Gingerbread was the first Android release to have been influenced by newly-hired designer Matias Duarte — the man responsible for the look and feel of Palm's webOS, who would eventually rise to VP of Design for the whole of Google.
With Gingerbread almost done by the time of Duarte's arrival, his influence on that version of the OS was relatively minor. In a 2011 interview with Engadget, he revealed that the focus of Gingerbread was improving the phone experience in time for the holiday launch of the Nexus S. While Duarte had a hand in the look and feel of Gingerbread, the visual refresh that came was minor compared to the vast changes that lay ahead.
"The window of opportunity for Gingerbread was really, really narrow. So we focused on the things that made most sense to make it a great phone for the holidays."
These included "getting the text input really right, which meant working on the keyboard and starting to work on copy-and-paste and improving text selection."
"Giving it a little bit of a visual refresh, [starting] to try to bring some cohesion and some of the new design direction into the product. But the scope was really narrow."
For a long time, Gingerbread was the version of Android that just wouldn't die.
That "new design language" debuted in 2011, starting with the Android 3.0 Honeycomb release for tablets.
Unlike earlier Android versions, Gingerbread stuck around on phones for a comparatively long period of time — almost a full year. And even after ICS shipped, vendors continued to sell phones running Android 2.3. As a result, the bulk of the Android install base remained on Gingerbread for the next couple of years, and it so remained an important target for app developers.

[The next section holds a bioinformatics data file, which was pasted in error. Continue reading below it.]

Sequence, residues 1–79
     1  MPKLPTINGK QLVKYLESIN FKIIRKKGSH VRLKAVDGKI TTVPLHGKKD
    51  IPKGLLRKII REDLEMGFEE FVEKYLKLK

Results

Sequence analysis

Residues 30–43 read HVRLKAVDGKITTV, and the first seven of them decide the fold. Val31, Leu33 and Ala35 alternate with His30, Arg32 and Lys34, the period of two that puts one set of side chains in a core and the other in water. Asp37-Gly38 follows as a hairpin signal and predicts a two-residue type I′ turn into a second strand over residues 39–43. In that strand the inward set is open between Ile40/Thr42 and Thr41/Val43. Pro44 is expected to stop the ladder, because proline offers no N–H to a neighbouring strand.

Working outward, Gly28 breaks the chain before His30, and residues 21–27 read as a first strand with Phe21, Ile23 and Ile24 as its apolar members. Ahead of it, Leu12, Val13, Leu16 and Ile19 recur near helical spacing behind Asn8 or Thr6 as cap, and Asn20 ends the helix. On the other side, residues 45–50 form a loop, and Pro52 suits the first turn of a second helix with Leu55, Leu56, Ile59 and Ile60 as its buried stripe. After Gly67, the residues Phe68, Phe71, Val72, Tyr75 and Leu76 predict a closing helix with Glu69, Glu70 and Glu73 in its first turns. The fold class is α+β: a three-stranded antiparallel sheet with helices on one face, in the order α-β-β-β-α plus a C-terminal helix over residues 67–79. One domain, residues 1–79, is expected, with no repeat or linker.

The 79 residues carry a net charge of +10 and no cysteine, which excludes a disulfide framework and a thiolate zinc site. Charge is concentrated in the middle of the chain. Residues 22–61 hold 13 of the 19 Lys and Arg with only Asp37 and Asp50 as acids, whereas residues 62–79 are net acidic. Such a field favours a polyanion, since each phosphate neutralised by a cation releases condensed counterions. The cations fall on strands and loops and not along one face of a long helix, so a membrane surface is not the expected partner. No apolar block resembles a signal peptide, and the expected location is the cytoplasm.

In terms of raw hardware, the Nexus S was a solid but unspectacular phone. It stepped back to an all-plastic design compared to HTC's metal-framed Nexus One. And being based upon the Galaxy S, it packed Samsung's own Hummingbird CPU and SuperAMOLED display — a serious improvement upon the regular AMOLED of the first Nexus. Like the Nexus One, the Nexus S wasn't a huge success, but instead a technological showcase and a solid phone for developers and enthusiasts. What's more, working so closely with Google on the Nexus S likely benefited Samsung as it prepared its next flagship phone, the Galaxy S II.
NEXT: Android is Transformed
By the end of 2010, Android was a force to be reckoned with on smartphones, and the following year would see Google's OS properly branch out into tablets with the slate-centric Honeycomb release, before reuniting the phone and tablet branches in Ice Cream Sandwich, the biggest change to Android in its history thus far. With ICS came an entirely new visual style, and a stronger focus on design. And thanks to a partnership with Samsung, Android 4.0 debuted on a phone with a major technical milestone to its name.
In the next installment of our Android History series, we'll track the progress of Android through its most transformative period yet — a year which sees the rise of Samsung through major launches like the Galaxy S2 and Galaxy Note.
Words: Phil Nickinson, Alex Dobie and Jerry Hildenbrand
Design: Derek Kessler and Jose Negron
Series Editor: Alex Dobie
Steve Jobs photo credit: Steve Jurvetson on Flickr